In Australia there is a ‘one size fits all’ approach to determining the definition of corporate insolvency. The absence of a clear cut definition can lead to ramifications in the practical management of companies that are in financial distress.
Section 95A of the Corporations Act 2001 (Cth), attempts to provide a statutory definition of what constitutes solvency and insolvency:
(1) A person is solvent if, and only if, the person is able to pay all the person‘s debts, as and when they become due and payable; and
(2) A person who is not solvent is insolvent.
Strict interpretation of this legislation deems that a company is insolvent if it is unable to pay all of its debts, as and when they become due and payable. However, judicial interpretation over the years has provided that a company, not able to pay a debt when it falls due, may not in fact be insolvent but may be merely suffering from a temporary lack of liquidity.
Case law has provided that the conclusion of insolvency should be established from a thorough consideration of the debtor’s financial position in its entirety and ought not to be drawn simply from evidence of a temporary lack of liquidity. It should be the debtor’s inability, utilising such cash resources as it has or can command through the use of its assets, to meet his debts as they fall due which indicates insolvency (refer to the case of Sandell v Porter (1966)).
A temporary lack of liquidity must be distinguished from an endemic shortage of working capital. In the case of ASIC v Plymin (2003), Mandie J of the Victorian Supreme Court listed fourteen indicators of insolvency that should be implemented as a beacon to any company that may be looking down the tunnel of insolvency as opposed to merely trading through a temporary phase of illiquidity (although not all of these indicators need to be present for a company to be insolvent). These indicators are:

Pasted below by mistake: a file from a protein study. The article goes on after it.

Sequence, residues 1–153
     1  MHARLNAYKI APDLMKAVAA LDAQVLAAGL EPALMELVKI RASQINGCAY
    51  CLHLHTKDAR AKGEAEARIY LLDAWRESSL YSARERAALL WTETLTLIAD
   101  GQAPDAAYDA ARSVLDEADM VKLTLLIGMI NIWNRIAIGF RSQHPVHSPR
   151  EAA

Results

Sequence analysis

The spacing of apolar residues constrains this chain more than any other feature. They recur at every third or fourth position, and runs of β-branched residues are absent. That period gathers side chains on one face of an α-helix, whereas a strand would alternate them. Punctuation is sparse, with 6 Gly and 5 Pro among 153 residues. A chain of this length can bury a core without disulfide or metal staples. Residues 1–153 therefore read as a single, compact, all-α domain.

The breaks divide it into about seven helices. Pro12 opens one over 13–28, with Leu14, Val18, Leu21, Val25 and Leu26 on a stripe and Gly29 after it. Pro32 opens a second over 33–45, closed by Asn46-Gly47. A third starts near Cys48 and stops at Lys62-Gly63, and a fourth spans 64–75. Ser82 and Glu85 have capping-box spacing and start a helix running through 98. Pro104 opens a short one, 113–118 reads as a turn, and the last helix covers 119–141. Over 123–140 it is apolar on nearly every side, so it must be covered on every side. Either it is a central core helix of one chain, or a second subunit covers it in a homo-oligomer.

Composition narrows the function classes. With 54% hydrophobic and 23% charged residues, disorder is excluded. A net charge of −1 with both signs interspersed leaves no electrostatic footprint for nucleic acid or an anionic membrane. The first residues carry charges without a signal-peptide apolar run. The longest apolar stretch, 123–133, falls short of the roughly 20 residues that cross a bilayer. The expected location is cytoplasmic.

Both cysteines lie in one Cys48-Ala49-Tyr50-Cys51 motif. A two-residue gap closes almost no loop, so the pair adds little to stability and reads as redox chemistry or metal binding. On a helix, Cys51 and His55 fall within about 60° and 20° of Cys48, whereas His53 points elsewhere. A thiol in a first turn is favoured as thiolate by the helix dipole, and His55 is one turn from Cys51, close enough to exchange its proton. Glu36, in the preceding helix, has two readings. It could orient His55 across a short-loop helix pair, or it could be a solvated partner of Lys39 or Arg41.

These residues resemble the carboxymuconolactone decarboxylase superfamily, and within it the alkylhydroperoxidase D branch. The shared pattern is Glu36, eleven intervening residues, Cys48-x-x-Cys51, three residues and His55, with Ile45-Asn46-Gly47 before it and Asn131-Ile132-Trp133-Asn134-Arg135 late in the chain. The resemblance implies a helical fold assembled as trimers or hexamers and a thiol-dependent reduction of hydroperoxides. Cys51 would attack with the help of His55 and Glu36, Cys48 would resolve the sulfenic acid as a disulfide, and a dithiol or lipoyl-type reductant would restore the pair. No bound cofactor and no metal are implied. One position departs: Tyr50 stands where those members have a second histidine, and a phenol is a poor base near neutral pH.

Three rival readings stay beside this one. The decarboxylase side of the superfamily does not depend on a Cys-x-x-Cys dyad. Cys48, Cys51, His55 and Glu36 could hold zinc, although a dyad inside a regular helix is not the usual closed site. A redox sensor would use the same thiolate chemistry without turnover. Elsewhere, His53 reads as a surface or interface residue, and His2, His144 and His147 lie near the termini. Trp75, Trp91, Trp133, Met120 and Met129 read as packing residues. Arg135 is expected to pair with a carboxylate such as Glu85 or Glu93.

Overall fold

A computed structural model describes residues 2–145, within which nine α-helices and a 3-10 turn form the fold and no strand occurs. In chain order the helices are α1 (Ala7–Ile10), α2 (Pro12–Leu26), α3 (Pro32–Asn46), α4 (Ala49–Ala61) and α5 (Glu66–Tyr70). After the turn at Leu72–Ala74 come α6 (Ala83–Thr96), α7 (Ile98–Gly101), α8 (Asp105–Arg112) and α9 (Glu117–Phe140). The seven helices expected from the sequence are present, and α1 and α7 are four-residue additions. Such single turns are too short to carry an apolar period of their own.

- The company is experiencing continuing losses;
- The company’s liquidity ratio is below 1;
- The company is subject to overdue Commonwealth and State taxes;
- The company has evidence of poor relationship with its Bank, including the inability to borrow further funds from it;
- The company does not have access to alternative finance;
- The company has an inability to be able to raise further equity capital;
- The company’s suppliers place the company on cancellation of debt, or otherwise demanding special payments before resuming supply;
- The company’s creditors are unpaid outside of the trading terms;
- Issuing of post-dated cheques by the company;
- Issuing of dishonoured cheques by the company;
- The company is required to enter into special arrangements with selected creditors;
- The company becomes the recipient of solicitors’ letters, summons, judgments or warrants issued against it;
- Payments to creditors of rounded sums which are not reconcilable to specific invoices; and
- The company has an inability to produce timely and accurate financial information to display the company’s trading performance and financial position, and make reliable forecasts.
The absence of a clear cut definition of corporate insolvency has, and will continue to, lead to ramifications in the practical management of companies that are in distress. Should you have any concerns about the financial position of your company contact our insolvency team today.